Figure 1. The authors hypothesize the above local circuit connections to and from the medial olfactory bulb (MOB) based on data they added to the whole brain connectivity atlas. From Figure 8 in “Comprehensive connectivity of the mouse main olfactory bulb: analysis and online digital atlas” (published August 7, 2012 in Frontiers in Neuroanatomy).
The recent paper “Comprehensive connectivity of the mouse main olfactory bulb: analysis and online digital atlas” (published August 7, 2012 in Frontiers in Neuroanatomy) introduced the first olfactory (sense of smell) mouse brain connectivity data available as an open resource in the Mouse Connectome Project online database. And not from just any mouse, but from the C57BL/6J mouse. The C57 black 6 mouse (C57BL/6J) is the most common genetic strain of mouse used in biomedical research today.
The Mouse Connectome Project’s publicly available whole brain connectivity atlas of the C57BL/6J mouse is being created to help provide data for generating testable ideas (hypotheses) about local brain circuits, brain function, behavior, and disease. The project provides data through the following link: http://www.mouseconnectome.org/iConnectome (see Figure 2 below).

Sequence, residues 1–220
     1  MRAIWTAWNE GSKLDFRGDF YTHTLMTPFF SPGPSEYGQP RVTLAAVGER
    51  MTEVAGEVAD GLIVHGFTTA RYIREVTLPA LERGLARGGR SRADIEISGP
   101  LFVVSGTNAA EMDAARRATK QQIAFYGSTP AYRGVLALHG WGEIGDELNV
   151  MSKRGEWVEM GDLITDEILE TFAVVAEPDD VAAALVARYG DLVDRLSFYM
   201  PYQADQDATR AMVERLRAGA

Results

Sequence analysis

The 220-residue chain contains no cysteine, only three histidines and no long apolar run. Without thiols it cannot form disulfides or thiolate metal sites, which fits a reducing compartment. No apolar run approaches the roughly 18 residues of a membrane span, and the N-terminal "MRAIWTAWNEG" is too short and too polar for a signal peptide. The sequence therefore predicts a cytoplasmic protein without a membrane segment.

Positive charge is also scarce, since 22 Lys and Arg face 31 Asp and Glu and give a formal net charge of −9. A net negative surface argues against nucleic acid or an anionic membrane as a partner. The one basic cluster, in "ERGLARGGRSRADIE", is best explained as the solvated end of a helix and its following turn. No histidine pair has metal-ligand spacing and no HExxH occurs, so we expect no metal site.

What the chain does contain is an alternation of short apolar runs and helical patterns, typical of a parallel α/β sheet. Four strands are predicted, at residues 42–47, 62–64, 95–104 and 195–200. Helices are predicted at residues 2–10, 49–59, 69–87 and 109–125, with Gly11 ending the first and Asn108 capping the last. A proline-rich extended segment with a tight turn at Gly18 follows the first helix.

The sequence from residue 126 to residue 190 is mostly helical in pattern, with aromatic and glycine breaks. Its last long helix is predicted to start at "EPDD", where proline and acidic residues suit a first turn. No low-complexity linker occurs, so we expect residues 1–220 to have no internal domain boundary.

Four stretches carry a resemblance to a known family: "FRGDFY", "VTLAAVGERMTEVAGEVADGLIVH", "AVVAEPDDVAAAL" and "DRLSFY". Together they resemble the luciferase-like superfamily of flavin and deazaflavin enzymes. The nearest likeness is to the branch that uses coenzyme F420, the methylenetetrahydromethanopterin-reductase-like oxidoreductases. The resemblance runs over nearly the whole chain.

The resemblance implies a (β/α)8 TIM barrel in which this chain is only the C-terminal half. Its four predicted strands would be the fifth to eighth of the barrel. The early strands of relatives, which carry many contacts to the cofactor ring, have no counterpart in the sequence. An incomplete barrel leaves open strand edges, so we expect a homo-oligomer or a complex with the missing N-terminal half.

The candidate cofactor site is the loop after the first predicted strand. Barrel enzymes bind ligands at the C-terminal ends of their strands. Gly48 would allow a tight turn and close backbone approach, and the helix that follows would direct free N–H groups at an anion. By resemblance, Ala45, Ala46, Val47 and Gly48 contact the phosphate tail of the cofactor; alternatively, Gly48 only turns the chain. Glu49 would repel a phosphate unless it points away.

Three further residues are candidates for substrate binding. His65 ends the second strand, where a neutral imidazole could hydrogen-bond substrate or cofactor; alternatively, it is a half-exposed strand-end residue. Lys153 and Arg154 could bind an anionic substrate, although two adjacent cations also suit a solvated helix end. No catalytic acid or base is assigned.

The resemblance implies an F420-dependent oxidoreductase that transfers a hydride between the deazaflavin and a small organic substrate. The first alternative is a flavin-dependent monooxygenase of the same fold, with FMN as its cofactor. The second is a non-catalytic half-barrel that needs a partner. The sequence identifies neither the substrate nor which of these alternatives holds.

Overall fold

Figure 2. This webpage is the access point to the Mouse Connectome Project’s data repository. The page lists the data and data characteristics which are viewed through the iConnectome Viewer (see text below).
There is no direct access to the raw data that I can find. Instead a tool named the iConnectome Viewer is provided. The user selects the data set they want to work with by checking the check box in the left-most column titled “Show” and then clicking on the “VIEW” button above.
The paper includes several figures that display data which lead the authors to hypothesize connections to and from the medial olfactory bulb (MOB) shown above in Figure 1. The beauty of shared data access begins to become apparent on noticing the case numbers referencing the data included in each figure caption.
Case numbers are listed in the Mouse Connectome Project data repository webpage in the column next to Show (see Figure 2 above). Type a case number into the Search box (under the “REFRESH” button at the far right and at the same level as the “VIEW” button) and the case list shrinks. I typed in case SW110403-01A from the paper’s Figure 7E-H into the search box, checked the check box next to the case number, and then clicked the “VIEW” button. An impressive looking viewer appeared, as shown in Figure 3 below.
Figure 3. The iConnectome Viewer displays the data contained in the Mouse Connectome Project’s whole brain connectivity atlas.
There are five main areas of the iConnectome Viewer. The navigation controls are grouped in upper left hand area. This area provides controls for zooming, panning, and refreshing the selected viewport (the viewer opens with one viewport but it may show up to four viewports at a time). Most navigation functions may also be accomplished through double-clicking, dragging, and other interface gestures. There is also a thumbnail view of the section in the currently selected viewport shown here. There is one set of navigation controls for all open viewports.